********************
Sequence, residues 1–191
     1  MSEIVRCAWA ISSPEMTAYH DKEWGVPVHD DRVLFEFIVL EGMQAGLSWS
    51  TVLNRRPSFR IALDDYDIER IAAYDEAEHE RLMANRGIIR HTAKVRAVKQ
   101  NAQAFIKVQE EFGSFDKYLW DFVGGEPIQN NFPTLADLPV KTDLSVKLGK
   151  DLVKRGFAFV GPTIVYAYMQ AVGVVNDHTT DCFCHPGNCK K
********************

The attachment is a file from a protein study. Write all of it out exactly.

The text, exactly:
Sequence, residues 1–191
     1  MSEIVRCAWA ISSPEMTAYH DKEWGVPVHD DRVLFEFIVL EGMQAGLSWS
    51  TVLNRRPSFR IALDDYDIER IAAYDEAEHE RLMANRGIIR HTAKVRAVKQ
   101  NAQAFIKVQE EFGSFDKYLW DFVGGEPIQN NFPTLADLPV KTDLSVKLGK
   151  DLVKRGFAFV GPTIVYAYMQ AVGVVNDHTT DCFCHPGNCK K